by Bruce Cherney
A woman was so spooked by what she saw one evening in the cemetery that she fainted. That was just one instance of fright brought on by a ghost believed to be haunting St. John’s Cemetery.
On September 11, 1903, the Winnipeg Telegram reported the presence of a spectre clad in fluttering white undergarments inhabiting the cemetery. The graveyard ghoul was said to become visible whenever the moon came out from behind a cloud and cast its eerie glow earthward.
By 1903, St. John’s on Anderson Avenue in the North End already had a long history in Winnipeg. It was founded as the first Protestant church (Anglican) in the then Red River Settlement by Rev. John West in 1822. Over the years, the cathedral has undergone many structural changes. The present form of the cathedral dates to 1926 and is today noted for its elegant stained glass windows.
The age of its cemetery — it predates the cathedral and was used as early as 1812 — and the fact that many missionaries and prominent citizens were buried in the graveyard perhaps contributed to a healthy dose of wild speculation about the nature of the moonlit apparition in 1903.
This was an era when superstition was rampant. And the approach of Halloween may have added to the fear and speculation about what was lurking in the nighttime shadows at the cemetery.
The early Irish, Scottish and English settlers brought to Manitoba the celebration of Halloween, which was a throwback to ancient pagan Celtic rites marking the end of the harvest season and the onset of winter, or the “darker half” of the year. The dead and other spirits (both good and bad) for one night of the year on October 31 were said to communicate with the living during the Celtic festival of Samhain (Lord of the Dead). The Welsh called it Calan Gaeaf and the Celts in France had a similar festival.
The festival was held on the eve of the pagan New Year on November 1. During Samhain, huge bonfires were lit to encourage the sun to again warm the Earth, the priestly-class of Druids sacrificed humans and animals, and long-dead ancestors were honoured and invited home for “treats,” such as food, while evil spirits were warded off by “tricks,” such as wearing disguises that included masks and costumes.
When the Christian church was established in the British Isles, it reinvented the most important pagan festival as All Saints’ Day, or All Hallows’ Eve, which was celebrated on November 1. Over time, All Hallows’ Eve returned to its pagan roots and was celebrated on the evening of October 31, a day before All Saints’ Day. All Hallows’ Eve was eventually shortened to Halloween.
Halloween traditions in Canada were readily accepted by Eastern and Western European immigrants, such as Germans, Icelanders, Poles and Ukrainians, whose native folklore related tales of spirits in one form or another roaming the earth.
“Have you heard anything new about the watcher among the graves,” was apparently a common opening for conversations among residents of St. John’s Parish in September 1903.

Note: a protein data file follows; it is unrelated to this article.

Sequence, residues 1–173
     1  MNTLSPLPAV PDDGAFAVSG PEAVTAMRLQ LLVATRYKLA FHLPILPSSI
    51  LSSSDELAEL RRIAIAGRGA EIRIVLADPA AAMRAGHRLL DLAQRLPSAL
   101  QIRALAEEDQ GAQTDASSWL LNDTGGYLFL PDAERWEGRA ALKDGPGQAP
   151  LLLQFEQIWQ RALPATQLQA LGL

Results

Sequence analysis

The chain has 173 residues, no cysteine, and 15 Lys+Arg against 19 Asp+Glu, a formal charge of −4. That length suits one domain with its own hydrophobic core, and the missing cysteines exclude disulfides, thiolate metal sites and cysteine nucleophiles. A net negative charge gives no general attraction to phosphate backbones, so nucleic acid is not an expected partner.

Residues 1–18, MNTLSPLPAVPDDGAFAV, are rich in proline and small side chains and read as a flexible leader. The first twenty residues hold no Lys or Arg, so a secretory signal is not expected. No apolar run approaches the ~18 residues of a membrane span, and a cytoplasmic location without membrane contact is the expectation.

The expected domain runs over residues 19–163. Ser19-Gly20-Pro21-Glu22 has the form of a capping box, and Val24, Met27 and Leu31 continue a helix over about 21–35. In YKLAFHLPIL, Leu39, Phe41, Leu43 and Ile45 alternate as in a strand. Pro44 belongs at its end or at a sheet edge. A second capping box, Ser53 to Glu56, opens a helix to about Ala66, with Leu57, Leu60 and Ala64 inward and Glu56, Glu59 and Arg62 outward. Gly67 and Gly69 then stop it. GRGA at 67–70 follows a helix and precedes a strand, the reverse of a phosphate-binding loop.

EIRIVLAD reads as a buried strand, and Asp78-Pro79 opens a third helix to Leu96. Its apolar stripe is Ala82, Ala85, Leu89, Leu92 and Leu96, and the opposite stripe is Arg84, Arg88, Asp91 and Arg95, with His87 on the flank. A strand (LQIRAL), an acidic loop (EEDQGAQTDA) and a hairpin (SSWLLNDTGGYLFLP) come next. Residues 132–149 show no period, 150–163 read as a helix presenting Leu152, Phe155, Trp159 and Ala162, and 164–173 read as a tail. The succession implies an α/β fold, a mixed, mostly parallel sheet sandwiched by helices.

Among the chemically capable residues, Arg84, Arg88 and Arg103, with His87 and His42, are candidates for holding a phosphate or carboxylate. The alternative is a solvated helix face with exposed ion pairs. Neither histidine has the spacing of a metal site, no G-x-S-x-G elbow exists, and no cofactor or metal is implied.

William Binzier, the sexton of St. John’s churchyard, heard the reports which he “took with a grain of salt.” The skeptical sexton did not believe in “spectral visitations” or “ghostly friends.”
But as the tales became widespread among local residents, Binzier began to feel there might be some foundation to the reports. To discover the truth behind the “watcher,” Binzier one night took up a strategic hiding place behind a clump of bushes in the graveyard.
He stifled a yawn as the city hall clock tolled 11 p.m. and began to think that the stories had been concocted simply for amusement. In fact, Binzier began to believe that a great joke was being played on him.
“At the witching hour of midnight he yawned again,” reported the Telegram. “The night was cold, so he determined to go home. He started for the gate. As he did so the moon came from behind a large black cloud, and, scarcely ten feet from him, a figure stood by a grave clad only in a single white garment. The moon was again enveloped by another black cloud, leaving only the motionless white form and the grave stones, dimly visible. His courage almost deserted him, but the moon again shone out and revealed the figure of a real live man.”
After swallowing a lump in his throat, Binzier approached the very alive man and asked, “What are you doing here?”
“I have no place to sleep and am too sick to work,” the man replied, “so I brought my blankets here to lie in peace.”
“Well, this is no place for you,” Binzier said. “You must find somewhere else to sleep.”
While Binzier watched, the man hurriedly dressed himself, got his camping gear together and spirited himself off to St. John’s Park where he spent the remainder of the night and every night thereafter trying to get a good night’s sleep.
Binzier proved the man, who “showed up with ghastly distinctiveness” each time the moon came out, was just a homeless person whose chalky white spectral countenance was the result of a serious illness. It was a case of a ghostly appearance and clothes normally associated with troubled spirits contributing to rumours of a spectre taking up residence in the graveyard. It also showed how overactive imaginations can jump to irrational conclusions.